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Old 02-06-09, 01:54 PM
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Meindl Helsinki Goretex with platform pedals. Good walking shoes. They are very good in these weather conditions - one day it rains, the other -10°C.
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Old 02-06-09, 04:55 PM
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OK, This is what I did. I did a field test. Comparing the LL Bean Snow Sneaker (on the left), to the Sorel Hood River 6 ½ ” Insulated Boot (on the right). I had one pair of Wigwam Wool sock on the feet. The Snow Sneaker I’ve been using for the past two winters. It has 200 grams of Primaloft. I have it set up like I’ve been wearing it. With an Outdoor Research gaitor and a Performance toe warmer to cover the mesh material that they have above the toe. The boot has kept my feet comfortable down to about 15f. Anything lower than that and my toes started getting uncomfortably cold. Below 0f, and they started feeling frostbite. I have a 45 min. commute that starts at 4:15am. By frostbite, I mean that after about a ½ hr. of riding the toes would get uncomfortably cold.
The Sorel Hood River 6 ½ ” Insulated Boot, I had just purchased from Sierra Trading Post. It has 200 grams of Thinsulate. I have it set up just like I wore it this morning. With just the gaitor on it. The morning temps today were at 19-20f. They were calling for colder temps. But this is what it turned out to be. Wind was at SW 8-10mph. I was hoping for colder temps to give it a true test.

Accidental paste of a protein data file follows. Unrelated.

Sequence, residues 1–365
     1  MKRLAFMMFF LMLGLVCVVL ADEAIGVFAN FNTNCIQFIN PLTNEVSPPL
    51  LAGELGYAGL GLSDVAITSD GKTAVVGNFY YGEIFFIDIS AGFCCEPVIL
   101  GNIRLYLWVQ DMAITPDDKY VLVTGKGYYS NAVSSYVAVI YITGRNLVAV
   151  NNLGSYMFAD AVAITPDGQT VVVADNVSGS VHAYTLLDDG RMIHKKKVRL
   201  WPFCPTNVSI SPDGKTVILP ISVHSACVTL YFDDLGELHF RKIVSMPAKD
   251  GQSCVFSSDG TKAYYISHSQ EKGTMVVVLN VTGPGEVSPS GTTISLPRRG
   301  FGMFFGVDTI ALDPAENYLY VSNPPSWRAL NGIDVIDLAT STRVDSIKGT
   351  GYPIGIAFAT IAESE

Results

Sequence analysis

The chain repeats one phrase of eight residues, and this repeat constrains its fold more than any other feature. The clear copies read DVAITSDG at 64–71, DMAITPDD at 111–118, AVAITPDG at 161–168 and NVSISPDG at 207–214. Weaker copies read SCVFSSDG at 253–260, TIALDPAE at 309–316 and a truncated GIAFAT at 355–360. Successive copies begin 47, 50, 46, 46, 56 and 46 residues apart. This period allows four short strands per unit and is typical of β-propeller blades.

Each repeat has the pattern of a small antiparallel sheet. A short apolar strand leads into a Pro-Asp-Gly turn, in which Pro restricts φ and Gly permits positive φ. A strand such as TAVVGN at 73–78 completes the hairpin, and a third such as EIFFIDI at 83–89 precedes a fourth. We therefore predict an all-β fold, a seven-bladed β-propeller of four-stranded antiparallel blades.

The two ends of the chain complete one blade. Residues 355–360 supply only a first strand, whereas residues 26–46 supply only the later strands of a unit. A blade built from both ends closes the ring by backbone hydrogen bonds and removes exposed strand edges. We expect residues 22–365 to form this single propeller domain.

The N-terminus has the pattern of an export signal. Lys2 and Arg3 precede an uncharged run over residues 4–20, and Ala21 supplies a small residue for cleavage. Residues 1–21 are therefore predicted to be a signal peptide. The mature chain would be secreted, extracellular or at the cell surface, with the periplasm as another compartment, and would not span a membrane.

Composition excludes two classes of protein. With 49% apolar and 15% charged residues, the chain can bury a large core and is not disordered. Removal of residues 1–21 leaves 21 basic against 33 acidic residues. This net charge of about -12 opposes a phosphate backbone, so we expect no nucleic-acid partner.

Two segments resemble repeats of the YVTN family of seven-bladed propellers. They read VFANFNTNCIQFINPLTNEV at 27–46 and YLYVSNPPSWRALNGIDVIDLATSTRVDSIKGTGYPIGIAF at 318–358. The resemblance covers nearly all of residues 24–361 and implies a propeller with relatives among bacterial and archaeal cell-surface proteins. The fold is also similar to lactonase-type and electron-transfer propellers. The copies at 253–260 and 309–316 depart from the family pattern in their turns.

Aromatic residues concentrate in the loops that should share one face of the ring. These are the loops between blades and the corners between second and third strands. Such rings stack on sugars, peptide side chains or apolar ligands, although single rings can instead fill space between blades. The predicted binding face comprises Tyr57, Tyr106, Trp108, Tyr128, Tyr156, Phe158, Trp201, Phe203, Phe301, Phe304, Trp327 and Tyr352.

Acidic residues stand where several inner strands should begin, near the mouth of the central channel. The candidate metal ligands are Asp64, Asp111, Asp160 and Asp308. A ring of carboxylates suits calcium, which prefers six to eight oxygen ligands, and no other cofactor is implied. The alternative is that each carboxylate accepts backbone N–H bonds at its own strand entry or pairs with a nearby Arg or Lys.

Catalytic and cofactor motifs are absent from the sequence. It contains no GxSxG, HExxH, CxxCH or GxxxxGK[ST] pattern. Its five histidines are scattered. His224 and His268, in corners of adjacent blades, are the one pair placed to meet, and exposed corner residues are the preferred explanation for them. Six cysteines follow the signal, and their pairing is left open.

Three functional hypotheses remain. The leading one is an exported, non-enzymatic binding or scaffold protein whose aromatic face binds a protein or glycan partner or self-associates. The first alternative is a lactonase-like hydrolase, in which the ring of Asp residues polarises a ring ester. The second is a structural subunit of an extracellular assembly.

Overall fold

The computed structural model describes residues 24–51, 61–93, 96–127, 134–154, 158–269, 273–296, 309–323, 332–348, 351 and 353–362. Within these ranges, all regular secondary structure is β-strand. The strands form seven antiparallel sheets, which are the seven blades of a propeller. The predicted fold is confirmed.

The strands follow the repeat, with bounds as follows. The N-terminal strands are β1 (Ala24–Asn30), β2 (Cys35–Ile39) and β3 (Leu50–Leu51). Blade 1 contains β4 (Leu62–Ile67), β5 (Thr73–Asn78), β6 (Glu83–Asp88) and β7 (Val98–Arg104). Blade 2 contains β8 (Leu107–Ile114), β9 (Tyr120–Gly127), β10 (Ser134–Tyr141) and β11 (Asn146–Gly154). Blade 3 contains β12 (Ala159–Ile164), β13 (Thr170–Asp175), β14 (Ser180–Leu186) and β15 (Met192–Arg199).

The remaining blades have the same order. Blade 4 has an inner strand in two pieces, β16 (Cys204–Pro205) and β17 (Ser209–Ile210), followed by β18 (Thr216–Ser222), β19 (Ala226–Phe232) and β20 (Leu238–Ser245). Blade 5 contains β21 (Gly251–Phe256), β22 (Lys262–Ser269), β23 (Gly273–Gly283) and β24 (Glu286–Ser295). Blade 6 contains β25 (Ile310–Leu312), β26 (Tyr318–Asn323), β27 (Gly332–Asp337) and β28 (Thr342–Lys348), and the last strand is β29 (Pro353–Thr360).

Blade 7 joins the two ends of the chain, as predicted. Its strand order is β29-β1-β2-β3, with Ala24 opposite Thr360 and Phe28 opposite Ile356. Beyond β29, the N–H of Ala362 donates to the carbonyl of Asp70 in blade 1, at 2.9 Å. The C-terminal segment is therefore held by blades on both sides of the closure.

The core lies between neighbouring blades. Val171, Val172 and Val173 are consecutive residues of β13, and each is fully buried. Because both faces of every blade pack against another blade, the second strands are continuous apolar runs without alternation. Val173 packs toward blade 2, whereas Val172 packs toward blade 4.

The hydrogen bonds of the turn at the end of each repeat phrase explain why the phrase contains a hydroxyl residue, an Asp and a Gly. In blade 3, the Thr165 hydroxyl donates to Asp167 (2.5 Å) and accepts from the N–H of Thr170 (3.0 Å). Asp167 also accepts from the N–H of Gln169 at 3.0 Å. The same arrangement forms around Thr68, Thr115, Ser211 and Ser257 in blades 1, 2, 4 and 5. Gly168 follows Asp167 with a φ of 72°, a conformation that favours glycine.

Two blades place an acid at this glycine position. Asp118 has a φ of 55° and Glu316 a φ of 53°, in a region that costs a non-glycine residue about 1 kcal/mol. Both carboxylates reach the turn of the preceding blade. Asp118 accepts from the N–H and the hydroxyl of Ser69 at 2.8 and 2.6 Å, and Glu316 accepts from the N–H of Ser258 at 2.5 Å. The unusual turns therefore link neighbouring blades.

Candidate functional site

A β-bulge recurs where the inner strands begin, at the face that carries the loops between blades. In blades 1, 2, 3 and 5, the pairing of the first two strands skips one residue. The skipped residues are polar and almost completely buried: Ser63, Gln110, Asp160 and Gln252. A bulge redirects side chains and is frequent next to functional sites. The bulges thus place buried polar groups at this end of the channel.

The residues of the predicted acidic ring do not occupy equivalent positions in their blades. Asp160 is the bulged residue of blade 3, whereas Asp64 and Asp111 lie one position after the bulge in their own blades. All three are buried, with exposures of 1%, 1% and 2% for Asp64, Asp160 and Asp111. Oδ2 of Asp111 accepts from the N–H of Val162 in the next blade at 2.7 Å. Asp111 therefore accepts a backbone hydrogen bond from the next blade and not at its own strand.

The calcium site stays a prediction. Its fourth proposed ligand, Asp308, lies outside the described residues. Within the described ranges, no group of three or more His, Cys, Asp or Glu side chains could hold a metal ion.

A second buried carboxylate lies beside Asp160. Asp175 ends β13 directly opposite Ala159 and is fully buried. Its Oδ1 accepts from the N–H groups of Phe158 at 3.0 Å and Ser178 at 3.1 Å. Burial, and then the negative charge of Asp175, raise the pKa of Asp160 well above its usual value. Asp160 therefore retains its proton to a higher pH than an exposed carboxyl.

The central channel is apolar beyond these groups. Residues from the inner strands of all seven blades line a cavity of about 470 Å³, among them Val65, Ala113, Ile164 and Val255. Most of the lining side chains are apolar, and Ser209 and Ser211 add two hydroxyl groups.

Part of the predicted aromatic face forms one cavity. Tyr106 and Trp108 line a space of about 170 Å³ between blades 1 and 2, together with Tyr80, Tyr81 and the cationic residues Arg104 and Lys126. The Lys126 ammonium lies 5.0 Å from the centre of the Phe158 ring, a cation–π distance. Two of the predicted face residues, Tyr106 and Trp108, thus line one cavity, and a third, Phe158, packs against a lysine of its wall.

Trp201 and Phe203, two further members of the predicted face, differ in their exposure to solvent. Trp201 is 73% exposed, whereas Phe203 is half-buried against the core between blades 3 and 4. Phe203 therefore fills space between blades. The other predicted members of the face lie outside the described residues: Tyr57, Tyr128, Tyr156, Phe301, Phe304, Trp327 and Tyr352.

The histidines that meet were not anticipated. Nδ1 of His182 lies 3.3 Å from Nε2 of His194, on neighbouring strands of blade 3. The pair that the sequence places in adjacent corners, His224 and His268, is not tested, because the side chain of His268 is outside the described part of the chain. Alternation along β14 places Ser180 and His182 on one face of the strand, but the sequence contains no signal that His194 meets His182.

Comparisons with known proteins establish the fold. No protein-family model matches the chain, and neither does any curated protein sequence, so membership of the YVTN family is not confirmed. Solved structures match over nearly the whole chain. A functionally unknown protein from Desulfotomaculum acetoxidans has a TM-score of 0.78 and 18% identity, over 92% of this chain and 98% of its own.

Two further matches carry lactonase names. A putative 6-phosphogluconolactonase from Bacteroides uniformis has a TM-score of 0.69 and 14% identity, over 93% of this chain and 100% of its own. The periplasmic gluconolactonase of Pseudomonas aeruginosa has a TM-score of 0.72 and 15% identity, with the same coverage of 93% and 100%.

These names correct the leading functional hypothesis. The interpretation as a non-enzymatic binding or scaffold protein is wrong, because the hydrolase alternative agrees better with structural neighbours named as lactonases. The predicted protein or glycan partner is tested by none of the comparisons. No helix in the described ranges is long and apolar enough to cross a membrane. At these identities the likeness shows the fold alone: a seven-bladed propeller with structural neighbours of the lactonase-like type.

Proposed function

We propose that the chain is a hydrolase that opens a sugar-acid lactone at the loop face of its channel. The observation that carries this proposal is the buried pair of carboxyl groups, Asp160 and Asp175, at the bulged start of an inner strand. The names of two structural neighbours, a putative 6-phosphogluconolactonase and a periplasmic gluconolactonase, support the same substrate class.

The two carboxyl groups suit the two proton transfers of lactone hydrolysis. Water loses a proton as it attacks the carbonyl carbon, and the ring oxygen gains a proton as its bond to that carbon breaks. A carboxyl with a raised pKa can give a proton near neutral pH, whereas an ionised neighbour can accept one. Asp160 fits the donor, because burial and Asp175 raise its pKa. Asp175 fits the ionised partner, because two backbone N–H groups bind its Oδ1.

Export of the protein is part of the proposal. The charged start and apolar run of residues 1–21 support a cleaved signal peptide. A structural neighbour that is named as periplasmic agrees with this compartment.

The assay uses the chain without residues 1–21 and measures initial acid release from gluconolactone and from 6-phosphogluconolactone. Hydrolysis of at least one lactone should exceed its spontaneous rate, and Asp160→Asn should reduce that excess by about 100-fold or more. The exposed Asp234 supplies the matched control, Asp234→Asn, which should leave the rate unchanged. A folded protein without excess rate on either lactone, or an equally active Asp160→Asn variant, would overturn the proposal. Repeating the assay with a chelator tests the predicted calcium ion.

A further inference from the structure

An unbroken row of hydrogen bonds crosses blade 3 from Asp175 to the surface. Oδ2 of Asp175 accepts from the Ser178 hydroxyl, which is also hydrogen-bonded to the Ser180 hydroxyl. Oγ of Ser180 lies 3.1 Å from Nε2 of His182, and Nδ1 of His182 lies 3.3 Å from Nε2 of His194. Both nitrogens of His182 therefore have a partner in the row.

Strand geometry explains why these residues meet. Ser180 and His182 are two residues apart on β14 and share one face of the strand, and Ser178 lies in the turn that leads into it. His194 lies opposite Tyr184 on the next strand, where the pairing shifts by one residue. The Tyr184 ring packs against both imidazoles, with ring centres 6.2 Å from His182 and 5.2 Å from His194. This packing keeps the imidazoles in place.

After about 5mins of riding I felt the cold air start to enter the Sorel Hood River 6 ½ ” Insulated Boot. Nothing bad, but it was noticeable. After a ½ hr. my foot was chilled with the Sorel. The LL Bean had stayed nice and warm. My final thoughts: The Sorel definetly would have failed the 0f test. I wouldn’t even want to think how my toes would have felt at 5f or so. The Primaloft insulation held up a lot better than the Thinsulate. Thru research on the Internet I found that the R value of Primaloft is twice of what the Thinsulate is. And it showed. So needless to say the Sorels are going back in the box and being returned.[/FONT]